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VOLUME 56 , ISSUE 4 ( October-December, 2022 ) > List of Articles
Keywords : Brunner–Munzel test, Data interpretation, Mann–Whitney test, Nonparametric test, Two unpaired groups, Wilcoxon rank sum test
Citation Information : Statistics Corner: Wilcoxon–Mann–Whitney Test. J Postgrad Med Edu Res 2022; 56 (4):199-201.
License: CC BY-NC 4.0
Published Online: 31-12-2022
Copyright Statement: Copyright © 2022; The Author(s).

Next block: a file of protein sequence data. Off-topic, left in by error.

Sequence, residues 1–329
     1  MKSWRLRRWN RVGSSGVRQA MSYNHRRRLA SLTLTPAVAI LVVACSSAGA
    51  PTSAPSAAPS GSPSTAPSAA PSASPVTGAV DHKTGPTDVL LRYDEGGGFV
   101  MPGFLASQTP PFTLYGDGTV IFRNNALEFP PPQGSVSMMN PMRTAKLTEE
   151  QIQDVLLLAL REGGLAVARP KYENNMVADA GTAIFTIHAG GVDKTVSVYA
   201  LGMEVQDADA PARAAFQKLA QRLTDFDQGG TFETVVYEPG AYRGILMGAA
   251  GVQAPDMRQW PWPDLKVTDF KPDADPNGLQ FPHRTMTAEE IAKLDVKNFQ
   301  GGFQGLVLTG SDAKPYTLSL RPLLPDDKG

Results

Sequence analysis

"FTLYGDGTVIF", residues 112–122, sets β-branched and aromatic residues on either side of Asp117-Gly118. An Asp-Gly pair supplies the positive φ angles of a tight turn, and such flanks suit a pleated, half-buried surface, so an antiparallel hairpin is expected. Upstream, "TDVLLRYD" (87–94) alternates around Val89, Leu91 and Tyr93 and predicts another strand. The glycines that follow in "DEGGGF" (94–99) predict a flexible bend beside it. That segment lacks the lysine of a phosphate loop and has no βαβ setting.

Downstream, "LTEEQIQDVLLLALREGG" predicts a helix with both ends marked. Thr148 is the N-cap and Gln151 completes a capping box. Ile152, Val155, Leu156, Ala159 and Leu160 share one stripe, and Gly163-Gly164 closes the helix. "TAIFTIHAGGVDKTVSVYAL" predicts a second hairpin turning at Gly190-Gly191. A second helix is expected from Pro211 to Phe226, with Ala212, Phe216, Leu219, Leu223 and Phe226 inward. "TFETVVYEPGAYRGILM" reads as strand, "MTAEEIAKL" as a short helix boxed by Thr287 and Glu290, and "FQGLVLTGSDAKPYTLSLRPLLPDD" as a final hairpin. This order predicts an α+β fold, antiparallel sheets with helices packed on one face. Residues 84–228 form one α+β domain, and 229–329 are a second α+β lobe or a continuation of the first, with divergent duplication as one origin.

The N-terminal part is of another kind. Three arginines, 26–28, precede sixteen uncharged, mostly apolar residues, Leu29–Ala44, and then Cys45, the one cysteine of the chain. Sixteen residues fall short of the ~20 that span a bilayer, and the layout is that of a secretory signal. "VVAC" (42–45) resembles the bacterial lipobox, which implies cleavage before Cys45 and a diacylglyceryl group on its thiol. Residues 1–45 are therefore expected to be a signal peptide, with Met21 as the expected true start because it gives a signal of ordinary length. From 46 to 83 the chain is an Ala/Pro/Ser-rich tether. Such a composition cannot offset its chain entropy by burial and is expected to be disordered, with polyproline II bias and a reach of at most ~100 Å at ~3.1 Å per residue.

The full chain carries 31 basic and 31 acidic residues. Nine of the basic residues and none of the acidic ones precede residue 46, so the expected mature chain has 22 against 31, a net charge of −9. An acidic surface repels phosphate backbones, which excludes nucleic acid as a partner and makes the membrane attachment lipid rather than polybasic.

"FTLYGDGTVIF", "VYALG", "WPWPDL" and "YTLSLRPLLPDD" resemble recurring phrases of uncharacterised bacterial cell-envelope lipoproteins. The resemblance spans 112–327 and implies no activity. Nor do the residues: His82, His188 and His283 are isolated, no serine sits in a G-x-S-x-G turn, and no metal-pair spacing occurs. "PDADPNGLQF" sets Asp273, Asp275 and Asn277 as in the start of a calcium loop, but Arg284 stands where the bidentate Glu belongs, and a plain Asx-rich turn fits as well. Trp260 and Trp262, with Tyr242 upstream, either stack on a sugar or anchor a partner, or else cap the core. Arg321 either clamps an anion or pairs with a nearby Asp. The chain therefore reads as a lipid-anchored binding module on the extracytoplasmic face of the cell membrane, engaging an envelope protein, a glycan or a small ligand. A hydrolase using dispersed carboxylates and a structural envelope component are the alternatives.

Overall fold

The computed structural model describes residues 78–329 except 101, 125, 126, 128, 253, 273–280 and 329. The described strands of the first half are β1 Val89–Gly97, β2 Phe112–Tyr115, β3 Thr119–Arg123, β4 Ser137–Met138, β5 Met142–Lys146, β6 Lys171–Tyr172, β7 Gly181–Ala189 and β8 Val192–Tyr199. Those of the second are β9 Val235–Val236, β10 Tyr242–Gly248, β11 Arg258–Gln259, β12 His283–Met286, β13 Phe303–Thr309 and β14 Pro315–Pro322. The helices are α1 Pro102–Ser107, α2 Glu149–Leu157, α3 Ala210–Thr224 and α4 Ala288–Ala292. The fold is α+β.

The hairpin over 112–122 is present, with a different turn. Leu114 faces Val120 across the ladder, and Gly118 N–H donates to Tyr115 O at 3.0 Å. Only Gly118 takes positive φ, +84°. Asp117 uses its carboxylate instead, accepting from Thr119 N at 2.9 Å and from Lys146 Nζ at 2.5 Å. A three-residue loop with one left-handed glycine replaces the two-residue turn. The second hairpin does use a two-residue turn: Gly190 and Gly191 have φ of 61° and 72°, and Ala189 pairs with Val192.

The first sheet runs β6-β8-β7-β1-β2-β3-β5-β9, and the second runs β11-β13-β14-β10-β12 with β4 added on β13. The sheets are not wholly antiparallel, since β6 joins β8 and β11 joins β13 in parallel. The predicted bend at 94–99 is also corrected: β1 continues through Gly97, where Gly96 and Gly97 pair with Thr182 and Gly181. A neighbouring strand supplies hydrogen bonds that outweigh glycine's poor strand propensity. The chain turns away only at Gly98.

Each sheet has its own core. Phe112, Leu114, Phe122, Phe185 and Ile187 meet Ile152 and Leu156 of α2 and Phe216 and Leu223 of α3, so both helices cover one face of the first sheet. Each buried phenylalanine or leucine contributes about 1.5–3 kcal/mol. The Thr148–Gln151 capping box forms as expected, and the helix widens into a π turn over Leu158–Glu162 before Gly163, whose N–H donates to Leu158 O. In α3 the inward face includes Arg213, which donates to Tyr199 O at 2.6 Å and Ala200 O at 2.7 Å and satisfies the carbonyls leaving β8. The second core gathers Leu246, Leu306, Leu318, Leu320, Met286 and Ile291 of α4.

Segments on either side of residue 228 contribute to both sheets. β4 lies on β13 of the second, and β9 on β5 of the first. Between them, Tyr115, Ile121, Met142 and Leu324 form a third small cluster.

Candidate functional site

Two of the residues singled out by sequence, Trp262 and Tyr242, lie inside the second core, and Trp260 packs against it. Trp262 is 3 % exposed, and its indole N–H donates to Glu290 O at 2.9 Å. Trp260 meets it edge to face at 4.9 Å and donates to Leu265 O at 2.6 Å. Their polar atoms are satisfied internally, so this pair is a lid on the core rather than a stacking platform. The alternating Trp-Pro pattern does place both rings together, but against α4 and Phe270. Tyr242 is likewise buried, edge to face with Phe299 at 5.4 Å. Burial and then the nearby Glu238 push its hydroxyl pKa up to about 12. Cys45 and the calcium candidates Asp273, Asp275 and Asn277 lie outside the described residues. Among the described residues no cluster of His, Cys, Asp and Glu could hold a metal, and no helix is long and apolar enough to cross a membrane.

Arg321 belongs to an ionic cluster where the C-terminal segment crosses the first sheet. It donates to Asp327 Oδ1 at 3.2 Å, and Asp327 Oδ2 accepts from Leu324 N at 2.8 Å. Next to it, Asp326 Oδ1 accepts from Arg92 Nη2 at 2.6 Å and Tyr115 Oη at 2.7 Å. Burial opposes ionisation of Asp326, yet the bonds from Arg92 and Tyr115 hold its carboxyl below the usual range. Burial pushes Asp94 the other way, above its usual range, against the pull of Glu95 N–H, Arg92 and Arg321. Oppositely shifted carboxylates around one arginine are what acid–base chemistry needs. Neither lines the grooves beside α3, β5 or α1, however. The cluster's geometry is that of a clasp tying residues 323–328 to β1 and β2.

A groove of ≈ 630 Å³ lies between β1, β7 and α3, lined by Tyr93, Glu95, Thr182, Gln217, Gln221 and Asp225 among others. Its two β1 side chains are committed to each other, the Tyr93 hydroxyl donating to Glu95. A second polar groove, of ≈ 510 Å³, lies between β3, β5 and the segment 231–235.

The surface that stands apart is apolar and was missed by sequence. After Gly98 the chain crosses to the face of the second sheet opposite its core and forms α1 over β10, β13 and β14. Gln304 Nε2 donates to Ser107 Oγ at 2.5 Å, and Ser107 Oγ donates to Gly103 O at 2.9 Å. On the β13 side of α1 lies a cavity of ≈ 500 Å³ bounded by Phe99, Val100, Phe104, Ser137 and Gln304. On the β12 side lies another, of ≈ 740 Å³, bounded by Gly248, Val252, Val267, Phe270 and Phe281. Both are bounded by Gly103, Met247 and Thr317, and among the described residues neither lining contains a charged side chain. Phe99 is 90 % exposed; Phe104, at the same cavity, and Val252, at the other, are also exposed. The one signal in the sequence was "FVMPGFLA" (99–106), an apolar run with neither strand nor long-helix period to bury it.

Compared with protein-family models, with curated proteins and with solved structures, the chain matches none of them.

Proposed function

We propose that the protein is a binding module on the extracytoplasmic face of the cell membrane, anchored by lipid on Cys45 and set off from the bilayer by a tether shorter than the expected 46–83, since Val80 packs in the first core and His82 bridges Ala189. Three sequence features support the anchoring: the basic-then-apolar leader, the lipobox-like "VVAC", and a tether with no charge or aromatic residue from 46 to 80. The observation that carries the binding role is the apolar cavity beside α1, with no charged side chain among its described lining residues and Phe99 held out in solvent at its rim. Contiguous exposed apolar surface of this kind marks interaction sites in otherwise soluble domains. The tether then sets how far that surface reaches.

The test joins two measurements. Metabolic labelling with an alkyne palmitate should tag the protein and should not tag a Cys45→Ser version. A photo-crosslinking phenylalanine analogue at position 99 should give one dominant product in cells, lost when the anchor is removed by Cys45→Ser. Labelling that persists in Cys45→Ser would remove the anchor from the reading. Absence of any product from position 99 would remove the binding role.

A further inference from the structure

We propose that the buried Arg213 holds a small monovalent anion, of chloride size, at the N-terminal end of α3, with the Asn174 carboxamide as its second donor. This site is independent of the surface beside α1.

Wilcoxon–Mann–Whitney (WMW) test is a nonparametric counterpart of the t-test for comparing two unpaired groups. Traditional teaching and many books recommend applying WMW when: (1) continuous outcome variables violate assumptions and (2) data are ordinal. Standard recommendations about the applicability of WMW are not correct. Many health researchers also believe that WMW compares medians between groups; the reporting measure, however, is contextual—it depends on factors such as distribution type, sample size, and heteroscedasticity. A researcher comparing outcomes from two groups found that continuous dependent variables (DVs) do not fulfill the normality and homogeneity of variance assumptions. An initial literature search indicates that nonparametric methods are better for analyzing data. There are, however, a few vital questions concerning analyzing data with WMW: • Does the test make any assumptions? • What it compares—median or mean rank? • What is the null and alternate hypothesis? • What to report and how to interpret results?